Europe, Latest on coronavirus outbreak

COVID-19: What went wrong in Italy and Spain?

Nations with highest death tolls shared deadly combination of optimism and late detection

Alyssa McMurtry and Giada Zampano  | 08.04.2020 - Update : 10.04.2020
COVID-19: What went wrong in Italy and Spain?

OVIEDO, Spain / ROME, Italy

Although the pressure on Italian and Spanish hospitals is slowly beginning to ease, Spain and Italy remain the world’s two worst-hit countries by the COVID-19 pandemic so far.

Together, the two Mediterranean countries account for around 40% of the total global COVID-19 deaths, with the disease having claimed some 31,000 lives in the two countries in less than two months.

Around 200,000 cases, many of them severe, remain active in both states.

There is no doubt that the two countries share several characteristics – highly social citizens, fair weather, densely populated cities, physically affectionate social interactions, and large elderly populations.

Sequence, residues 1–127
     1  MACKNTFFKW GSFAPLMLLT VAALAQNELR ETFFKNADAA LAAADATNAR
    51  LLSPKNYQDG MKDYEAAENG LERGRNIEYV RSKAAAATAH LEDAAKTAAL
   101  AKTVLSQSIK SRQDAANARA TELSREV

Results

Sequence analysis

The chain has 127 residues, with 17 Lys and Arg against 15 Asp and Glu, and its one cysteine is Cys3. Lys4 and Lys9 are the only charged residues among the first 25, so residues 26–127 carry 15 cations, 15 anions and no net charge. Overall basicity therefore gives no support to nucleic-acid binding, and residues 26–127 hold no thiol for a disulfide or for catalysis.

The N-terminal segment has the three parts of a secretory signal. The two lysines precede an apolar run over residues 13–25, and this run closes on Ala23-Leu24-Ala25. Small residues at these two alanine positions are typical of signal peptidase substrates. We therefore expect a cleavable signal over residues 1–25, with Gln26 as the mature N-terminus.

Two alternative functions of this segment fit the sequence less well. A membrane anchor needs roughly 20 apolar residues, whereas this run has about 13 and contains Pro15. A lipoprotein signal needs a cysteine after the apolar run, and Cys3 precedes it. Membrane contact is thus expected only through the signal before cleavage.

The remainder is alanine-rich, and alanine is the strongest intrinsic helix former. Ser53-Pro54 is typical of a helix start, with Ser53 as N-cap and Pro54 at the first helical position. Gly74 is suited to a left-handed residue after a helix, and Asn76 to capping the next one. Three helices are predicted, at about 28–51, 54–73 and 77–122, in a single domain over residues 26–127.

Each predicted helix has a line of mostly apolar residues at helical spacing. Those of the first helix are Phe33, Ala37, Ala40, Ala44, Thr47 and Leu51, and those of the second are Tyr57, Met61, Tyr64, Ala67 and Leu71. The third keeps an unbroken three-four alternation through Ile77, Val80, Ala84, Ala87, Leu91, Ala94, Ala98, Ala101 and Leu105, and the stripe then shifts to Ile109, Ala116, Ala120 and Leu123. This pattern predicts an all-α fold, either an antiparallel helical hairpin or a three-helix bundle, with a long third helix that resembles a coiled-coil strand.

Yet, as both witness the overwhelming influx of COVID-19 patients begin to subside, it is now clear that timely government action could have potentially saved thousands of lives.

Unfortunately, overconfidence was another trait shared by the governments of Spain and Italy in the critical weeks leading up to COVID-19’s explosion. Authorities in both countries underestimated just how fast the virus could spread and how quickly it could push their healthcare systems to the verge of collapse.

It took about three weeks from the time Italy discovered its first coronavirus case on Feb. 21 to the closure of all non-essential businesses and a national ban of unnecessary movements by the public.

Italy’s failures – partially justified by the unprecedented nature of the event – happened despite the successful policies to contain the pandemic already used in countries such as China, South Korea, and Singapore.


According to many observers, one of the first stumbles in the Italian response to the outbreak was its failure to recognize the magnitude of the pandemic, and make decisions in real time, as the crisis was unfolding.